“When companies fail, the question is not how could you invest in a company that failed? It is. Do you understand what happened to the company to be able to articulate it properly?” she asked.

The increasing inflow of venture capital has also correlated with increased successes for African startups. Prior to 2017, there were no unicorns on the continent. Today, there are six. Exits have also begun to gather pace. Jumia and Helios towers have IPO’d in the New York and London Stock exchange, respectively. Paystack, one of Ingressive’s earliest investments, was acquired by Stripe, the world’s largest private fintech, for $200 million. Sendwave was acquired by WorldRemit, DPO Group by Dubai’s Network International, and lots more.

The growth of tech into a headline-making industry has happened hand-in-hand with the explosion of venture capital in Africa. Although Famodu struggled to get investors interested in coming to Africa in 2014, the continent has now become a hotspot for investments, attracting even the biggest investors. Softbank, Tiger Global, and A16Z are a few globally renowned investors that have made their African debuts in the last few years. Ingressive, building on the work it has done, is also raising a second $50 million fund to back African startups.

However, venture capitalists in Africa are solving more than just the money gap. Abeng is Co-founder and Director of Communications at Ingressive for Good, a non-profit sister company of Ingressive Capital. Ingressive for Good aims to increase the total addressable market of talents available to tech startups and investors by equipping young Africans with digital skills.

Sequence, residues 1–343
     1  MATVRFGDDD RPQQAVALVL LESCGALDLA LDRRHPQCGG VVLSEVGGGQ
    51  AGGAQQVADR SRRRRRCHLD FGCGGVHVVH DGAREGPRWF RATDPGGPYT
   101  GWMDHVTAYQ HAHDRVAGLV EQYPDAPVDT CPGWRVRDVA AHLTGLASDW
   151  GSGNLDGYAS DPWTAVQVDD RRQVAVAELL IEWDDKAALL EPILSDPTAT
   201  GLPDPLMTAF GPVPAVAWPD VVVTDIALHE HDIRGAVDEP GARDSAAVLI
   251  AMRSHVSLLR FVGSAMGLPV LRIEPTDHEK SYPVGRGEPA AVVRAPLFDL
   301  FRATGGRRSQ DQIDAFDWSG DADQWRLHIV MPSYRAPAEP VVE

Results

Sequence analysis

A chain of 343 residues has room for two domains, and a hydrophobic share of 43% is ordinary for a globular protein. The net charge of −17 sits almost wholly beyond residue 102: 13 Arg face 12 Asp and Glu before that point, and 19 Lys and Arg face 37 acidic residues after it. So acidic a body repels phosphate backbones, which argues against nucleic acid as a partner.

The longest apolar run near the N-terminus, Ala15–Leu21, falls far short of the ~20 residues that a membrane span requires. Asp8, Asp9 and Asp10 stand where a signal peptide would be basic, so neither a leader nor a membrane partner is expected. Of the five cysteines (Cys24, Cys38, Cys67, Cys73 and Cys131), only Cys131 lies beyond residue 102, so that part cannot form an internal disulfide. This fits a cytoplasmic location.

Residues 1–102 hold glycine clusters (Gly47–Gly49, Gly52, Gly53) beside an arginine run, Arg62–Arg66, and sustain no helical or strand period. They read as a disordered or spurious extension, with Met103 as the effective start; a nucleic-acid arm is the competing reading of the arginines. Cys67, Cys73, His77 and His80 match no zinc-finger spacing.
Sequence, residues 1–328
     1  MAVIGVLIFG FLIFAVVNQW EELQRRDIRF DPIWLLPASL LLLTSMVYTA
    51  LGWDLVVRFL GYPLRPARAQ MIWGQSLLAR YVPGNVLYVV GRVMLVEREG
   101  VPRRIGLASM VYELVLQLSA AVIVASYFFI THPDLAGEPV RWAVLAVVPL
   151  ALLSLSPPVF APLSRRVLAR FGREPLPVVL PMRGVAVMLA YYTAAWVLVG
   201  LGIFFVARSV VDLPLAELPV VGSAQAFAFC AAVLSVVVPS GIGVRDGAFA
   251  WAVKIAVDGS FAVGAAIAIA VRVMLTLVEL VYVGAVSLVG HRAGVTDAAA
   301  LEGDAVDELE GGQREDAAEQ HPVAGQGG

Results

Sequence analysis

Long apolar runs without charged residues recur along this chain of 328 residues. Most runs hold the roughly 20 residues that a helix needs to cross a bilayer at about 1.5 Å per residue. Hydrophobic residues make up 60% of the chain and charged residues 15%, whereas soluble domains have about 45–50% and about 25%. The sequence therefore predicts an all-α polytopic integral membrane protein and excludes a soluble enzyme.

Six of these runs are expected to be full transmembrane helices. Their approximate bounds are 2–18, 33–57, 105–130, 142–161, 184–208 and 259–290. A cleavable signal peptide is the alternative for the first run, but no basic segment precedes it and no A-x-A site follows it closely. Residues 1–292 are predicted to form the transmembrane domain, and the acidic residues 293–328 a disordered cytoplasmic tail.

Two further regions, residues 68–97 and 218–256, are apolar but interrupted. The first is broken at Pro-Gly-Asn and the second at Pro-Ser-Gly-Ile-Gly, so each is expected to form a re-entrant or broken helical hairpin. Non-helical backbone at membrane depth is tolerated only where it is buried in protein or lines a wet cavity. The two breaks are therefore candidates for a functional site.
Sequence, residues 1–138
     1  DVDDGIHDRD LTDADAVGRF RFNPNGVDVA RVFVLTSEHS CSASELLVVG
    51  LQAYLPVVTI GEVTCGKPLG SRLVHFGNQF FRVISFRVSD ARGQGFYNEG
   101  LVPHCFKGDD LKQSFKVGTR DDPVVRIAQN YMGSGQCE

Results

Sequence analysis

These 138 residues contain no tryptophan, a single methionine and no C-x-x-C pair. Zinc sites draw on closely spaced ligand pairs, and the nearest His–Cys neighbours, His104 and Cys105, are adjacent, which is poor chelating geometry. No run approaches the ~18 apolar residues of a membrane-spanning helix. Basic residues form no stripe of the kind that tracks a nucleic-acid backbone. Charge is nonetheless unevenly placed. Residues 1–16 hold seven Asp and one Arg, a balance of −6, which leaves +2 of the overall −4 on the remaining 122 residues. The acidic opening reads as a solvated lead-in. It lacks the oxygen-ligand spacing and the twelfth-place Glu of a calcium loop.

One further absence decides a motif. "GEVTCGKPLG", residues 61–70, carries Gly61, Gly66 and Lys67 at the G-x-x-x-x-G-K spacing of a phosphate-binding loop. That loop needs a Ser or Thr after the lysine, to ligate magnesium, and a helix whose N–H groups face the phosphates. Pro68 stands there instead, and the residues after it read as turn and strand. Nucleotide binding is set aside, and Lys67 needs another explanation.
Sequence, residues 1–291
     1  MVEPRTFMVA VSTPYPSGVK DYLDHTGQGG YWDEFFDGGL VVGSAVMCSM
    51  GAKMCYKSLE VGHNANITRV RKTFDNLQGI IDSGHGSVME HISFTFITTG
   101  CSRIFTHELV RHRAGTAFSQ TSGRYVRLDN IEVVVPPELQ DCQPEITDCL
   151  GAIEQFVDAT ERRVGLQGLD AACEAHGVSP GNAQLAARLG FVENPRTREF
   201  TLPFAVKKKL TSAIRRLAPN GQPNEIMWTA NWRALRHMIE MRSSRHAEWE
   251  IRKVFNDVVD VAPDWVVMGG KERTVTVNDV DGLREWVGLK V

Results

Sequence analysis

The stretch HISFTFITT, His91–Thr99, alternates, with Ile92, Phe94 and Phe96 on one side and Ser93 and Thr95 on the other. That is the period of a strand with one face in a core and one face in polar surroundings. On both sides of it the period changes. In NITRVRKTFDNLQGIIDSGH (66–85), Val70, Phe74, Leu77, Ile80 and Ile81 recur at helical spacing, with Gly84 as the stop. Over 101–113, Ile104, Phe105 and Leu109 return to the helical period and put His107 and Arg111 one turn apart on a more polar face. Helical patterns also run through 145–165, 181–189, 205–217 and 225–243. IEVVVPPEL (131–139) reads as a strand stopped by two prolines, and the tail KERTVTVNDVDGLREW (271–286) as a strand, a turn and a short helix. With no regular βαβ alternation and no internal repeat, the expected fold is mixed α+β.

“Everybody’s crazy about entrepreneurship, but you (companies) need intrapreneurship too. Not everyone can be a founder. You need people to drive the vision as Tim Cook did with Apple,” Famodu said in the conversation with Abeng.

The edtech non-profit does this through university scholarships, sponsoring computer science departments, technical skills training, and talent placement.

Explaining the vision behind Ingressive For Good, Famodu said, “In places where you’re building businesses and underdeveloped infrastructure, you have to backward integrate and control supply. For us, that means two things – supply of talents and actively doing things to increase the number of investible companies. We do this by increasing the number of people with access to technology and technical skill.”

Although just over a year old, the non-profit has been successful both in the number of people it has trained and the impact it has had. Blessing recounts the story of a young lady who went from using soap-making to support her family to becoming a backend engineer in six months after going through one of Ingressive For Good’s programs. The young lady went from earning N20,000 to over N200,000 in less than six months. “It (her story) is amazing. I can imagine that in the next two to three years, she could probably come up with a great idea, and Ingressive or anyone else will fund it. But, regardless, Ingressive for Goodwill will always be a part of her story,” she said. This image Abeng has is not farfetched as two former Ingressive community student ambassadors met in the community and went on to co-found a product together solving financial problems in Africa – Aboki Africa, now, Grey Finance. The business has raised its pre-seed round and was even accepted into YC. So, it is evident that there is a pipeline, and technical training is an invaluable asset.